Broadband News

Slowest street in UK is actually the fastest street

Naming and shaming the slowest streets as a way to get lots of regional coverage has a long tradition in the UK and it is the turn of uSwitch to publish its analysis from visitors running its speed test.

Alas while the press release tries to highlight that that for a number in the slow lane superfast options are available, it is only done after the big headlines and with the pressure to turn around articles very quickly and create social media friendly (dare one say clickbait) headlines this important point is missed out.

The slowest street with an observed speed of 0.22 Mbps is said to be Kingsclere, in the Huntington area of York and while the original uSwitch table does tell you that superfast options are available what it does not tell anyone is that actually symmetric Gigabit full fibre is an option in that street via TalkTalk FibreNation/UFO roll-out in addition to the usual VDSL2 services (which are at superfast speeds by the way).

Criticising this press release can be seen as us grinding an axe against uSwitch, but while some may call thinkbroadband a comparison website we do a lot more than provide listings, such as the tracking of broadband coverage, analysis of speed tests going back a decade and details of the take-up of different technologies. The broadband speed tests that our visitors run are available for viewing on a map and this show cases the amount of testing we see (tests expire from the map after 3 months) and also gives an insight into how speeds can vary within a few metres in an area.

Table - UK’s ten slowest streets for broadband 


Street Name and Location

Average download speed (Mbps)

Superfast broadband available?



Original uSwitch column

Original uSwitch column

Original uSwitch column

thinkbroadband notes


Kingsclere, Huntington, York 



VDSL2 at superfast speeds, plus Gigabit FTTP available


Monksfield Way, Slough 



VDSL2 at superfast speeds, for the majority and Virgin Media cable at up to 500 Mbps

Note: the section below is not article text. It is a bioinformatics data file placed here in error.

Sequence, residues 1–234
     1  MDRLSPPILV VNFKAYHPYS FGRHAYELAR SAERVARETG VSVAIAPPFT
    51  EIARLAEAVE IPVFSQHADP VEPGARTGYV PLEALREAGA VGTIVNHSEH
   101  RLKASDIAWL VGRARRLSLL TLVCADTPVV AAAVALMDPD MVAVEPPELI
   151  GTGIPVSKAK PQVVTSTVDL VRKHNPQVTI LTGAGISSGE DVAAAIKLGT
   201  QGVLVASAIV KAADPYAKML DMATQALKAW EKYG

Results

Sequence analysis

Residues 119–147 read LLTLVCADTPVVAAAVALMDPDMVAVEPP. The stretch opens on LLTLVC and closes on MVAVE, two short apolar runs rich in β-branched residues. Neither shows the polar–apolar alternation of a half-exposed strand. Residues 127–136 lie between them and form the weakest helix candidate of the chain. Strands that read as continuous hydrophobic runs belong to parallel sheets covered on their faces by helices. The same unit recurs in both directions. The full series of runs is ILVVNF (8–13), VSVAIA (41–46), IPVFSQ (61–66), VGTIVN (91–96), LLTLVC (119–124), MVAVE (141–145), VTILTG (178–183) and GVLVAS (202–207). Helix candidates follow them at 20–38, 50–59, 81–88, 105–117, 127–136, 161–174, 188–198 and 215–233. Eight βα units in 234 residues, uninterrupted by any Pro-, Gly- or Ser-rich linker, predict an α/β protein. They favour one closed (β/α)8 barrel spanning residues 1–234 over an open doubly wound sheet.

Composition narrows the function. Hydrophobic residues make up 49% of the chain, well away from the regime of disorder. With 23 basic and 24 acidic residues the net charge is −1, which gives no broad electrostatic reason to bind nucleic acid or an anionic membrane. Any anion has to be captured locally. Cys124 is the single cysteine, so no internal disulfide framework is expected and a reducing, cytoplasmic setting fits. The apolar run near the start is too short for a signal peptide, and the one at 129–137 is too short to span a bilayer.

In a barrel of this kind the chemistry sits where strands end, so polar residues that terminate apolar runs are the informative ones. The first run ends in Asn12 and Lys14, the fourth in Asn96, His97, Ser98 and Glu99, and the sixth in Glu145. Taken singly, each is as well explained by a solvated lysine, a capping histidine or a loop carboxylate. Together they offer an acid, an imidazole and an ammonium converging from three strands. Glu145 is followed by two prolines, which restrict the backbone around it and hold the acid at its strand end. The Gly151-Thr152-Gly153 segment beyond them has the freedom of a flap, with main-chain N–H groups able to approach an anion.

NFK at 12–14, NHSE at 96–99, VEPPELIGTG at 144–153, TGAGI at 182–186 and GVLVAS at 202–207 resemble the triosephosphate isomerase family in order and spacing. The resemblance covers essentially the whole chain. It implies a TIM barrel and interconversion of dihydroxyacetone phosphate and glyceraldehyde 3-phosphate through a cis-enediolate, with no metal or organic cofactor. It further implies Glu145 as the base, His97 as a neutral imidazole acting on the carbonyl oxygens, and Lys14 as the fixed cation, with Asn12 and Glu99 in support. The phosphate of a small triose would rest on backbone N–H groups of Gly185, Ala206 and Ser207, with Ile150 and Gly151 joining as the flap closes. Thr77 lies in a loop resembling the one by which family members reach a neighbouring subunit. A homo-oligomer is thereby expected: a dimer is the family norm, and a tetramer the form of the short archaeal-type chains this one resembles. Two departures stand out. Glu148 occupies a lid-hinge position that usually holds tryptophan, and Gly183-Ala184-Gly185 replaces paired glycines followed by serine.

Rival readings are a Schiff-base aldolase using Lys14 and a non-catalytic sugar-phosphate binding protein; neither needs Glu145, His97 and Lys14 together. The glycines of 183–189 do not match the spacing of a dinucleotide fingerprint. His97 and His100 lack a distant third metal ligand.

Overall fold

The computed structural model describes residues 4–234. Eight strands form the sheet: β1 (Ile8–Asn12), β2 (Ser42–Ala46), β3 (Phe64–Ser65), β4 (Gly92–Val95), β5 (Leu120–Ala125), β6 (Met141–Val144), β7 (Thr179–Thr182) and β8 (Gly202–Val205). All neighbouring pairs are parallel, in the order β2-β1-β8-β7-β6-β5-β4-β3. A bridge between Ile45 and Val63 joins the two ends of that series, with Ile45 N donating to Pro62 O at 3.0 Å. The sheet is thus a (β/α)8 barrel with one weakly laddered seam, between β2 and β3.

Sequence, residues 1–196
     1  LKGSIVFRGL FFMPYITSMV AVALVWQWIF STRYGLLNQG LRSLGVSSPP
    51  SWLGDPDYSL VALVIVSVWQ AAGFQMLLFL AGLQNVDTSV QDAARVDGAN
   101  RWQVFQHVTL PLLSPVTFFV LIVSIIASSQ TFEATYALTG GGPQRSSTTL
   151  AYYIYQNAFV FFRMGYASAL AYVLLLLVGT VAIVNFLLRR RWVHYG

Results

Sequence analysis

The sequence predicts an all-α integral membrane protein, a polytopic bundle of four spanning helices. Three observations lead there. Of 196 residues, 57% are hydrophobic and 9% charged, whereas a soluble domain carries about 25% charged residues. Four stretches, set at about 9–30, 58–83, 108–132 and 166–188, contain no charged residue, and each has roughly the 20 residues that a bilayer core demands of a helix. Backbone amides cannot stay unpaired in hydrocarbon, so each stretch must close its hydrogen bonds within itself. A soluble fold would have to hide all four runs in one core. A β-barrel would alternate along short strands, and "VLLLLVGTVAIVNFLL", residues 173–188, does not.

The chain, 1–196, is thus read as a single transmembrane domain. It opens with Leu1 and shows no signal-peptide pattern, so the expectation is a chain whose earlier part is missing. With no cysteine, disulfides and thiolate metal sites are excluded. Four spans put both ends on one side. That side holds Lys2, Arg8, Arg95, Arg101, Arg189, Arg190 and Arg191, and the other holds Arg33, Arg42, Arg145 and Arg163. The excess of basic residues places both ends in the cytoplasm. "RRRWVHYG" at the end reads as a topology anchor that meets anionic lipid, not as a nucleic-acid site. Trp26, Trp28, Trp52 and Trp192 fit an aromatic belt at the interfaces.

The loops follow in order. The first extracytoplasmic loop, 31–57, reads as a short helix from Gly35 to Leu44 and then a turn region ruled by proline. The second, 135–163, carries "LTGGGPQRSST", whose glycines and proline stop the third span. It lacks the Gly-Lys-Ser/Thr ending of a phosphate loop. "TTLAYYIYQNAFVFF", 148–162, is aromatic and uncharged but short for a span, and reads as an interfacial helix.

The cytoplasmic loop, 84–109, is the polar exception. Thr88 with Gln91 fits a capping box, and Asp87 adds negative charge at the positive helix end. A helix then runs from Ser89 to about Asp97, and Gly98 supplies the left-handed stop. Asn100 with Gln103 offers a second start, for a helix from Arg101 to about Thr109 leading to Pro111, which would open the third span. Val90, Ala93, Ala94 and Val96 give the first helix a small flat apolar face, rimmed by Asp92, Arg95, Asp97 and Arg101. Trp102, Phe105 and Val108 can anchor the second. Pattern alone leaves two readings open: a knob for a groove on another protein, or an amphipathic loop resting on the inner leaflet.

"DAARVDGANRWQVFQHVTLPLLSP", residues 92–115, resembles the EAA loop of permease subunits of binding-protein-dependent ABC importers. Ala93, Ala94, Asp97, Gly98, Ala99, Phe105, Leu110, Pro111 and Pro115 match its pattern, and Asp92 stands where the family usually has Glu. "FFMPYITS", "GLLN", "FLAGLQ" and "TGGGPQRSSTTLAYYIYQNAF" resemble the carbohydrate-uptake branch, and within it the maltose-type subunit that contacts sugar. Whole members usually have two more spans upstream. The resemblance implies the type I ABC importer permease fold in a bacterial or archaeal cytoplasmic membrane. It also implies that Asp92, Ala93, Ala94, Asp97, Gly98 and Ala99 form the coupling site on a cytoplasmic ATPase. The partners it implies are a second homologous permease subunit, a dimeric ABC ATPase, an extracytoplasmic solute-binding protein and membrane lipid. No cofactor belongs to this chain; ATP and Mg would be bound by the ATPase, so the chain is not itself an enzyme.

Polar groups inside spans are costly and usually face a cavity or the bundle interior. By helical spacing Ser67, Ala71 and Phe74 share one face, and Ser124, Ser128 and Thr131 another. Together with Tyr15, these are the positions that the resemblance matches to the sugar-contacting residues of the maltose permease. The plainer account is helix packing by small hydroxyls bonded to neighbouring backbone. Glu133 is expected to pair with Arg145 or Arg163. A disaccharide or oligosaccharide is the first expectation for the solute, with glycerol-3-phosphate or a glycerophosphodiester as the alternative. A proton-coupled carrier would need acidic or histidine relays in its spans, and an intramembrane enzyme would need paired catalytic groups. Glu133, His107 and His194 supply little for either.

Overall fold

Ash Lane, Whitchurch 


To some 

VDSL2 available but down as not superfast speeds in our database


Dunlop, Kilmarnock 



This may be two locations:

Dunlop Street, Kilmarnock has VDSL2 with superfast speeds and some properties with VIrgin Media cable


Dunlop village near Kilmarnock

where three VDSL2 cabinets provide superfast to the main village and the usual once 1km outside our estimates are for sub superfast speeds


Canisbay, Wick, Island of Stroma


To some

Island of Stroma is actually an abandoned island with zero population.


Duiletter, Colintraive, Argyllshire



A properly slow location


Eland Way, Cambridge



VDSL2 with superfast speeds and Virgin Media cable broadband


Ansley, Nuneaton


To some 

We presume there are talking about the village Ansley which is fully covered with VDSL2 and superfast speeds


Quarterland Road, Killinchy, Newtownards



A properly slow location


Malmesbury Park, Runcorn



VDSL2 with superfast speeds available

“Our research reveals the digital divide running through Britain. Residents living on one side of a city can be struggling with broadband as slow as molasses, while people just miles away are enjoying ultrafast speeds.

It’s ridiculous to think that it would take someone in York Road, Elvington less than seven minutes to download a two-hour HD film like Toy Story 4, yet it would take more than two and a half days for someone living less than 16 minutes’ drive away in Kingsclere, Huntington.

Lack of awareness regarding superfast broadband is one of the biggest obstacles stopping people from getting faster download speeds.